The California Community College Makerspace Startup Guide Preparing Students for Jobs of the Future was finalized in early June 2018.
To request a copy of the Makerspace Startup Guide that will be emailed to you, use the form below. If you want to download the summary, click here: Guide Summary
Makerspace Startup Guide — Tips to Build Your Educational Makerspace
Technological advancements across sectors continue to create jobs that require very specific skill sets, but many of our educational institutions are not evolving fast enough to meet this need. The answer lies in integrating hands-on making, digital design and fabrication, and entrepreneurship skills into our current pedagogies and curricula. Growing a statewide network of makerspaces linked to community colleges can help develop a much-needed workforce for what’s being termed the digital or innovation economy.
In 2016, CCC Maker embarked on a six-month journey of guiding and shepherding 34 California community colleges through the Makerspace Startup Process. Colleges identified the needs of their respective communities, mapped out their extended support ecosystems, analyzed their findings, and piloted student and faculty engagement. At the end of this first phase, each college had a plan of action to build a makerspace community on their campus, as well as documentation to support funding applications.
In the spirit of the Maker Movement, we created this guide to walk you through the process. We believe that the Makerspace Startup Process and all we learned from guiding others through it should be open-source and free for all to use. Below is a synopsis of the building blocks of the process covered in the guide. (You can request a copy of the Makerspace Startup Guide at the bottom of this page.)
Research existing systems, resources, and data, gather knowledge, and analyze your findings. An honest self-assessment is essential to avoiding predetermined outcomes.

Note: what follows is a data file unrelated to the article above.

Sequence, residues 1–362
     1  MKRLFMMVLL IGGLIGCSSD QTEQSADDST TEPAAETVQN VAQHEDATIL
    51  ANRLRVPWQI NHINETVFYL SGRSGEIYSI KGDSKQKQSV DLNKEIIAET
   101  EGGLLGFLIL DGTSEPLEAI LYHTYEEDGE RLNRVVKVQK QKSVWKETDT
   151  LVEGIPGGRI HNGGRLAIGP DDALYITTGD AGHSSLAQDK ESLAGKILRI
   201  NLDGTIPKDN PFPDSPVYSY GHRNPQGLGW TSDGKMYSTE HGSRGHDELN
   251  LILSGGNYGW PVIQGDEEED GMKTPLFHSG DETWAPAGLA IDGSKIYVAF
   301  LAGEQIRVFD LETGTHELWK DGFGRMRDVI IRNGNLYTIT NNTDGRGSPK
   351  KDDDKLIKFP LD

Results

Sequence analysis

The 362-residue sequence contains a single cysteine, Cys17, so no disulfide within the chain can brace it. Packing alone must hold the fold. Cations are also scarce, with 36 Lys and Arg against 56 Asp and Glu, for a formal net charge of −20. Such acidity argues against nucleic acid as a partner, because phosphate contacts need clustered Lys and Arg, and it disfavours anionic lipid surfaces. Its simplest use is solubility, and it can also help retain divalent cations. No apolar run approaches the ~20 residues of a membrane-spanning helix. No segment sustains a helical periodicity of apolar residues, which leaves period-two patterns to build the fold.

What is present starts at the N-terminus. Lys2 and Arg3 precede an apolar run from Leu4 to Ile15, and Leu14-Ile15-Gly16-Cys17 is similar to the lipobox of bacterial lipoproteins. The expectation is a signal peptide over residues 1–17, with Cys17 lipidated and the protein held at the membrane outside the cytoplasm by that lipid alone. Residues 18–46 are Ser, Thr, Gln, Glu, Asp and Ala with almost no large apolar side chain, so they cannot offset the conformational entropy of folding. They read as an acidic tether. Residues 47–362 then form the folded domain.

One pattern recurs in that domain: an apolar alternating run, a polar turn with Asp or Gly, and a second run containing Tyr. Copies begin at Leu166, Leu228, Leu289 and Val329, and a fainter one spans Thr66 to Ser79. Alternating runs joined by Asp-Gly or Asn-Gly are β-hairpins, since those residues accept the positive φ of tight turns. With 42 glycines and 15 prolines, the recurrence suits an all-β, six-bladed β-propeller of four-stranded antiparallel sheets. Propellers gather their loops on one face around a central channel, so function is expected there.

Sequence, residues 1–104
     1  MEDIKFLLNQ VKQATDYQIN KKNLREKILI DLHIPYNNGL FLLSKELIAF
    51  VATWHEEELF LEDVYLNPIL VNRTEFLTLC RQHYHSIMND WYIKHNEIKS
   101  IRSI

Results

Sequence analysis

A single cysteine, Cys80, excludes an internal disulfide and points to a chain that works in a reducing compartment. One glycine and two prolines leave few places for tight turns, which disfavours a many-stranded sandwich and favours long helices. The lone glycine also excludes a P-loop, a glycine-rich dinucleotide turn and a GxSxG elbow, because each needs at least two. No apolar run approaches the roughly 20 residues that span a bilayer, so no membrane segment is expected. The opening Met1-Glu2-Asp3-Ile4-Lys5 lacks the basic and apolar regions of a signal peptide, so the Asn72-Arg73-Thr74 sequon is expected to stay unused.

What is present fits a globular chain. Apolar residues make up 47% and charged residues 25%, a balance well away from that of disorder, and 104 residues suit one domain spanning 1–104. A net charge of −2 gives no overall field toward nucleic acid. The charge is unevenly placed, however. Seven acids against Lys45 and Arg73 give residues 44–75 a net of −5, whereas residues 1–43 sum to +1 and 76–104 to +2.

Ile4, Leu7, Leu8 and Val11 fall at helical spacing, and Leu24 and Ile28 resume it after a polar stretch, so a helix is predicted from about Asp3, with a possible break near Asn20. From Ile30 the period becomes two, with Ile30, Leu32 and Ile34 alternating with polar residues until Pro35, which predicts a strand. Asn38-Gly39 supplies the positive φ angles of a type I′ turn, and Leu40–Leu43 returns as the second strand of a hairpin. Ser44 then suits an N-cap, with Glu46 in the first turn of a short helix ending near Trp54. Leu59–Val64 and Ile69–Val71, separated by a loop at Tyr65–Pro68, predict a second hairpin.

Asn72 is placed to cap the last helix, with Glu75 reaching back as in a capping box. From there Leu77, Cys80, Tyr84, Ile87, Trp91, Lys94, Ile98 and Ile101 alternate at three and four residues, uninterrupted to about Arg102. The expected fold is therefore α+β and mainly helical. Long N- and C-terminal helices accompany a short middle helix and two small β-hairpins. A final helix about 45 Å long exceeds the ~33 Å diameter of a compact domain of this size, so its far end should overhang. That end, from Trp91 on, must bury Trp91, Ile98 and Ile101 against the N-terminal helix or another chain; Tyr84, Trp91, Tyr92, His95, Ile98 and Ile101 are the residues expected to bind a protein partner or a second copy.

Look within your community for potential partners, assets, and resources that can help sustain your makerspace. The key is to seek, identify, and map out who and what comprise your ecosystem.
What problem are you trying to solve and what pathway do you intend to use to solve it? Map out the most logical pathway with the resources and information gleaned from your institutional self-study and ecosystem map.
Invite and engage the community to adopt, maximize, and promote the space. Without the support of a community, a makerspace is nothing but a collection of tools, a room of mere potential.
Two of the most crucial elements in preparing students to succeed in the 21st-century job market and workplace are partnerships with area businesses and a robust internship program. Together they help bridge the gap between education and employment.
Designing a Makerspace
Before you even buy any tools, step back and consider the community they’ll serve. Empathize, define, ideate, prototype, and test, and empathize once more. Consider all aspects of the makerspace (inside, outside, online, culture).
The Role of Change-Makers
Change maker, facilitator, agent of change, catalyst: Whatever verbiage you use to identify the movers and shakers, those who are bold and charge ahead (often despite the odds), no makerspace would be possible without at least one, if not an entire team of them.